Flooring that stands the test of time
Susanne Clemenz | Improvement Center Columnist | January 17, 2013
In 1947 after 23 years of commercial salmon fishing Rudy Franulovich designed a new, state-of-the-art boat, the St. Bernadette, that could handle whatever gales and rough seas the Gulf of Alaska could throw at him. He captained that boat safely and securely for 17 years until his retirement. In 1953 he applied the same "tight ship" planning when he designed the Anacortes, Wash., home that he and wife Katy lived in for the rest of their lives. His attention to detail included decisions about flooring that would stand the test of time. In 1995 when the home was sold, none of the original flooring needed to be replaced yet.
Is it still possible to buy flooring within a budget that can last decades?
Flooring to weather life's changes
Prices for whole-house flooring today are roughly what an entire house cost in the 1950's when Rudy and Katy built their home. Prices for non-beachfront, non-acreage homes back then ranged from $6,600 in Joplin, Mo., to $11,200 in Lowell, Mass., to $14,500 in Chicago, Ill. Spending similar amounts on flooring today can be a repeatable expense or a one-time deal, depending on how you analyze and prioritize your needs and funds. Rudy Franulovich took family lifestyle, product life expectancy and budget into consideration when he chose to make flooring a one-time investment.
Choose flooring for its life expectancy
If you're worried that practical flooring means sacrificing aesthetics, fear not. There are beautiful styles in every type of flooring, so you can let your mind lead your heart and still be thrilled with the outcome.
The manager of East Flag Upholstery & Carpet in Flagstaff, Ariz., for almost 30 years says that a recent change in buying habits prompts customers to tailor their selections based on the expected wear each floor area experiences. Like the Franuloviches in 1953, today's customers favor hard surfaces like tile, engineered wood, or high-quality vinyl planks/tiles in entrances, halls, kitchens, baths, laundries, and often in dining rooms. Carpet or area rugs are often chosen for lighter use areas like living rooms, bedrooms, and sometimes family rooms.
About 15 years ago carpet manufacturers began responding to this loss of market share by engineering high-tech carpets made from recycled plastic bottles or a new fiber from DuPont, Sorona®. According to a technical representative at Mohawk, their SmartStrand carpets with Sorona® have multiple lifetime-resistance warranties as well as 25-year warranties regarding fading, abrasive wear, texture retention and defects. Mohawk's polyester and nylon carpets can have 10- or 20-year warranties that don't cover as many hazards. But a bonus is that using Mohawk's SmartCushion pad under any of their carpets extends the warranties by 10 years.
Shaw's ClearTouch PET polyester carpets have 25-percent, recycled bottle content and a warranty covering 10 years for texture retention, abrasive wear, and quality; 15 years for soil; and a lifetime warranty for stains, including pet urine stains. Compare today's carpet warranties to the minimal "manufacturer's defects" warranties of yesteryear, and it doesn't take a rocket scientist to know that carpet nowadays is durable and dollar-wise.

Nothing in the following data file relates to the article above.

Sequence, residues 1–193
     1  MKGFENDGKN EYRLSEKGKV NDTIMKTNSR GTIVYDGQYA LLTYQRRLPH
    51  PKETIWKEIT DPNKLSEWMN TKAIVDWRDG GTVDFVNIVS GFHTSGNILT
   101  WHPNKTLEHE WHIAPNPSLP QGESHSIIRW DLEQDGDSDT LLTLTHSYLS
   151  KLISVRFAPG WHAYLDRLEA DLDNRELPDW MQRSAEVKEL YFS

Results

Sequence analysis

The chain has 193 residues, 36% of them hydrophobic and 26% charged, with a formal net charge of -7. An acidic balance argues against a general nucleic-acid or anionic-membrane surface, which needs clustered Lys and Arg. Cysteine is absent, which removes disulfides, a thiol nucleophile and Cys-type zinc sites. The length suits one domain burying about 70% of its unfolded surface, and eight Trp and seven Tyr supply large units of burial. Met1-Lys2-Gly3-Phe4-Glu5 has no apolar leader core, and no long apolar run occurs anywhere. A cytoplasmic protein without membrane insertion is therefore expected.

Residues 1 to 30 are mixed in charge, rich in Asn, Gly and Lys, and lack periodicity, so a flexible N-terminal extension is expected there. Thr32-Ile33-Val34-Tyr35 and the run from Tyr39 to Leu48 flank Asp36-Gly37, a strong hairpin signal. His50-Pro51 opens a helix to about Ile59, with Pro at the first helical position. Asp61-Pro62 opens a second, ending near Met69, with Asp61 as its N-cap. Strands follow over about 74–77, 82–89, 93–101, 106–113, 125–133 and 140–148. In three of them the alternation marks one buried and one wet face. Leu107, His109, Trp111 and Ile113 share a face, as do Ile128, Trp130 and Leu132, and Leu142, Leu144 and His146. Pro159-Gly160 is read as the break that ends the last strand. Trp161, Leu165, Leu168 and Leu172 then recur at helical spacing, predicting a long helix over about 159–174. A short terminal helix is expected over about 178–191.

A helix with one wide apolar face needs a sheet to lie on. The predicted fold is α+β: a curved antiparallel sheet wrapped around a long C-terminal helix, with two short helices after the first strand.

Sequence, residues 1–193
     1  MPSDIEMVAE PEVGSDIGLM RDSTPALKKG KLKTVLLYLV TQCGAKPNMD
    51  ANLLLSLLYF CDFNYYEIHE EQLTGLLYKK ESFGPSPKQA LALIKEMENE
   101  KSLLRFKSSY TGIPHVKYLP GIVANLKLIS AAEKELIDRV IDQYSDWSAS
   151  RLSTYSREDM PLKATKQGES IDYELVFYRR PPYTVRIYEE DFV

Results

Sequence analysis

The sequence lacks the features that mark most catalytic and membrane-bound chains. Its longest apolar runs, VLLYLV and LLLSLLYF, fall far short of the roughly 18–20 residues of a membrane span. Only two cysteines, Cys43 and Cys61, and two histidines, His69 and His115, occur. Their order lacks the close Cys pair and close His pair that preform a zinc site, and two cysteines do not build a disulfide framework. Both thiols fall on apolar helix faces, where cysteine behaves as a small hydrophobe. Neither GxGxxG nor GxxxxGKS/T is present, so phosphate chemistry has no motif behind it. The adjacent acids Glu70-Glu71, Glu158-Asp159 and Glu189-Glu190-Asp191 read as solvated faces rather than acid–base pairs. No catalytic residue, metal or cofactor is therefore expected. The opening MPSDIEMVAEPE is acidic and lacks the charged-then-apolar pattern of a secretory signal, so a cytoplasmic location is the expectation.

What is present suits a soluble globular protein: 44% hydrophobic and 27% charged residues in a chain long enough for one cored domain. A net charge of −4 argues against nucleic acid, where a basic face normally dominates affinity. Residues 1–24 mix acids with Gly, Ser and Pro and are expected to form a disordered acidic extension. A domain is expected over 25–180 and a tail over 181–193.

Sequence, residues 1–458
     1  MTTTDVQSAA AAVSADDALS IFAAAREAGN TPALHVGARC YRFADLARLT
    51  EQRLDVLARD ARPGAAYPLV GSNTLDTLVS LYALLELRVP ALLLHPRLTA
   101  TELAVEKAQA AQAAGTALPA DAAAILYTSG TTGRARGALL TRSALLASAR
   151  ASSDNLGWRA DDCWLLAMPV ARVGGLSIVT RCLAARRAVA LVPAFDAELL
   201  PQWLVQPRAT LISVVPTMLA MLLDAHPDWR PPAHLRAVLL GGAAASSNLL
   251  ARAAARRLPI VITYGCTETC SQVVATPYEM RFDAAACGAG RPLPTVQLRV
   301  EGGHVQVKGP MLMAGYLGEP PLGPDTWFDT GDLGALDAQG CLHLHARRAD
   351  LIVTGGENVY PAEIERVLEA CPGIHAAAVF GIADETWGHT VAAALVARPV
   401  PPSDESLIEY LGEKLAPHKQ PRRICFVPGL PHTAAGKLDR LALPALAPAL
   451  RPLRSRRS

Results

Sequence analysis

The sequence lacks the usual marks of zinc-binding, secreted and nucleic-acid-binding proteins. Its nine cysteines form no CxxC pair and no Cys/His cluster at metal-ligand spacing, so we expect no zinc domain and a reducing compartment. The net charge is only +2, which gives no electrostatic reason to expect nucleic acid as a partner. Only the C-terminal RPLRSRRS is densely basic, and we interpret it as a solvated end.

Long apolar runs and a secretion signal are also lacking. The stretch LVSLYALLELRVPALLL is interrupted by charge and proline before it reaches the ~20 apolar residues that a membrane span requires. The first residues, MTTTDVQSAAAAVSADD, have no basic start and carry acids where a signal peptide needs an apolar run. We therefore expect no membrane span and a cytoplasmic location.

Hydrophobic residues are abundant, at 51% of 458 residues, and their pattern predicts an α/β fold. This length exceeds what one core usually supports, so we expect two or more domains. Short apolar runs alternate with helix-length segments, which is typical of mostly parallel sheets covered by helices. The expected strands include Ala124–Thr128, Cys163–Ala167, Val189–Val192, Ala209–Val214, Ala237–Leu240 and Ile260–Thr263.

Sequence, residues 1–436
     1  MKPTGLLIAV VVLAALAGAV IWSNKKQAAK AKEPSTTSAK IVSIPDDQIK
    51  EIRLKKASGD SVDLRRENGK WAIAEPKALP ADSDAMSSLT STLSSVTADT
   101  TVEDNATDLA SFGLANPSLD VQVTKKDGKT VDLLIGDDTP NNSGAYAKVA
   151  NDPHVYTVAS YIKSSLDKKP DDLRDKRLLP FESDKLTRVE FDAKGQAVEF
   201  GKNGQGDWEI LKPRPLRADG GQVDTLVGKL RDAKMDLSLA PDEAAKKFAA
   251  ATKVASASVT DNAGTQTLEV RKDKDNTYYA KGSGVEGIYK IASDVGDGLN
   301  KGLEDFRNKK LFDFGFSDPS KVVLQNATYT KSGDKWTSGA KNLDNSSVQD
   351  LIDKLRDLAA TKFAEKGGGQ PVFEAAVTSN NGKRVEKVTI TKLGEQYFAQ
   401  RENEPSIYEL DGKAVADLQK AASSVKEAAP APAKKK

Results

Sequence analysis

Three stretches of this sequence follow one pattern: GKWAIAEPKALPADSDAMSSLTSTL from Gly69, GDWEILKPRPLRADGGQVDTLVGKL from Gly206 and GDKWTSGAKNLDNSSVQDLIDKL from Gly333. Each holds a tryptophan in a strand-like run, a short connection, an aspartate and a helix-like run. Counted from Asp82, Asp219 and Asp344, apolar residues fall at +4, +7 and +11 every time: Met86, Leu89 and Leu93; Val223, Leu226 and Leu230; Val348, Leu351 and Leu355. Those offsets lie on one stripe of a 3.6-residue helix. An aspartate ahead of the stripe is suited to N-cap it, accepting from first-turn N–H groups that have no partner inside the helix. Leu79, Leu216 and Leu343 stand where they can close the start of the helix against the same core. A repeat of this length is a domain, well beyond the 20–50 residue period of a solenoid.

Consider your household's lifestyle
In 1953, Rudy and Katy thought ahead. Their home's open-door policy meant 30 or more family and friends -- usually wearing wet shoes -- trampled their floors weekly, especially the finished downstairs. The main floor at ground level had porcelain tiles for the entry, kitchen and bathroom and beautiful, tough Karastan wool carpets for the bedrooms, low-use hall, and living areas.
Their finished basement, where 98 percent of daily activities took place, had sealed, low-gloss cement floors except for an area rug by the TV and wool carpeting in the bedroom. When Katy passed, the house sold with all of the original flooring intact after 42 years of use. Everyone in town knew how well Rudy had chosen his construction materials.
Optimize your flooring budget
During the manager's three decades at East Flag Upholstery & Carpet she's noted that the cost of flooring relative to the cost of building or remodeling has remained fairly constant. Of course the sizes of U.S. homes have increased from a median of 1,250 square feet in 1973 to 2,169 square feet in 2010, according to the U.S. Census Bureau. Their statistics also show that the median home sale price in 1973 was roughly $33,000, and in 2010, about $220,000.
Pinning down the costs of today's median home's flooring is a bit trickier, since costs vary by what flooring choices are made; however, a hypothetical example can help:
- Assume today's 2,200 sq. ft. home has half carpet, half engineered wood. Carpet, pad, and installation, according to East Flag Upholstery and Carpet in Flagstaff are roughly $6/sq. ft. x 1,100 sq. ft. = $6,600.
- Engineered wood flooring and installation at about $9/sq. ft. x 1,100 sq. ft. = $9,900. So a ballpark figure in Flagstaff, per East Flag's input, is $9,900 + $6,600 = $16,500.
Porcelain tile in Flagstaff, per East Flag manager, averages about $6/sq. ft.; high quality vinyl planks or tiles, about $6/sq. ft. with variations in quality affecting those prices up or down. So for what you might pay today in flooring costs, you could have bought a whole house in Chicago in the 1950s!
Despite the current sluggish economy, "spend as little as possible on everything" is a shortsighted view when it comes to renovating a home you expect to live in for at least a couple of decades. Thinking "cheap" could end up costing you more in the long run. Some upgrades like major appliances without a doubt need replacing every 10 years, but flooring, if chosen well, could last you the rest of your lives, as it did the Franuloviches.